2

In the past we wanted to make some markings to papers, but wanted to avoid the markings to be copied in a photocopier. Light blue or light green pen solved it, because they obviously reflected the copier light as well as a normal white paper. As well, if the markings were wanted to be surely copied, one had to use red or black pen. Note: In daylight we ...


2

Non-Repro Blue, Copy-Not, Non-Photo blue referred to their inability to be reproduced by Ortho-chromatic copy film. It shows clearly with Panchromatic materials but not with Blue-sensitive "ortho." Ortho is blue-sensitive. They used to be used on "Mark-up" notes on mechanical separations and reproductions which were all made on high-contrast ortho-chromatic ...


2

There's a textile dust overlay image (or more likely a fill pattern made of a dust photo), a grey background and the written paper is a separate layer with a drop shadow. It's between the grey background and the dust overlay. If you watch carefully, you can see the dust pattern is the same on both pages, only shifted and it's repeated even in one page. That ...


2

Boys. Plural. So if you're going to do drawings of heads or hats, or anything else representative of people, it needs to be 2 of them. Magnifying glass is wrong for social media marketing. It's micro, whereas social media marketing is macro. Pen nib is wrong. Too narrow. The hats ideas show most promise, and are the best analogy, because a social media ...


2

Google Maps offers a very extensive API for style customisation. You can customise almost any element. This is done through a Javascript API: the styles are saved in a JSON structure and then applied when the map is loaded in your website. You can find the full documentation here. But Google also offers a Wizard which lets you control almost all of the ...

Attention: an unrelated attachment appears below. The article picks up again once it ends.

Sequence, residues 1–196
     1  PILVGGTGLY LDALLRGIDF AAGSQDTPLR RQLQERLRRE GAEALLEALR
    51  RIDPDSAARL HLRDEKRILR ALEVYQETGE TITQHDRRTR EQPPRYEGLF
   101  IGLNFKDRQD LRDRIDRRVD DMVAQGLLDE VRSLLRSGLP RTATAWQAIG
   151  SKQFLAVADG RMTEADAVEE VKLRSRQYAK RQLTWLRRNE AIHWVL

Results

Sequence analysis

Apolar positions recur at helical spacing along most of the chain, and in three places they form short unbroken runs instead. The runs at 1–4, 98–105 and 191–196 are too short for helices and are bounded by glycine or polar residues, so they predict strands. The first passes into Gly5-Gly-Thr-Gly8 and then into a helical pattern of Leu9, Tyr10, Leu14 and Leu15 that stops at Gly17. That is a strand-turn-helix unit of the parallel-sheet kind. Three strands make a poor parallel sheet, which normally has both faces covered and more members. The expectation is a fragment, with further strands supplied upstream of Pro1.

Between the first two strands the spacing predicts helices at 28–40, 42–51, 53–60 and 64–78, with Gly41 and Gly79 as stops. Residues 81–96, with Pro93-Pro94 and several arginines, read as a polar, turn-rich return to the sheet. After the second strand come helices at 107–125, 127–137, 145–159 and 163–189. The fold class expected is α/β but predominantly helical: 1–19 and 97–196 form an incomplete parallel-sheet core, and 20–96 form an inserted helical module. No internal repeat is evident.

2

I detest these issues, but they can arise from time to time. It's even worse when a client has turned sour for some reason and are just being ridiculously demanding and unrealistic. The first thing I realize is that the client is upset for some reason, which means they are of a mindset to just get "everything" without any considerations towards me. ...


1

That can simply be drawn in illustrator. I think most of it can be made with the shape tools: circles and rectangles. Start with the big circle. Make a part for 1 side, copy and paste it, use reflect horizontal and move it to the other side. Use align tops to get them at the same height. Most of these shapes have the same fill and stroke (outline color and ...


1

Sorry for the radio silence, crazy deadline. What I meant was this: starting from the vector image in Illustrator. (For this, I rebuilt it very quickly.) I created swatches for your two colors, but you can use pantone colors if you wish. With an object selected, click and drag the color from the box at the top left corner into the swatches palette. I ...


1

Well, you do not need that much high resolution. A. The scale, depending on what you want. If you need presicion on the proportions, it is better to draw at a larger scale. If you want a lot of detail, larger scale. If you want the texture of the technique (paper, stroke) you can draw at smaller scale. A natural look, draw at the final scale. If it is a ...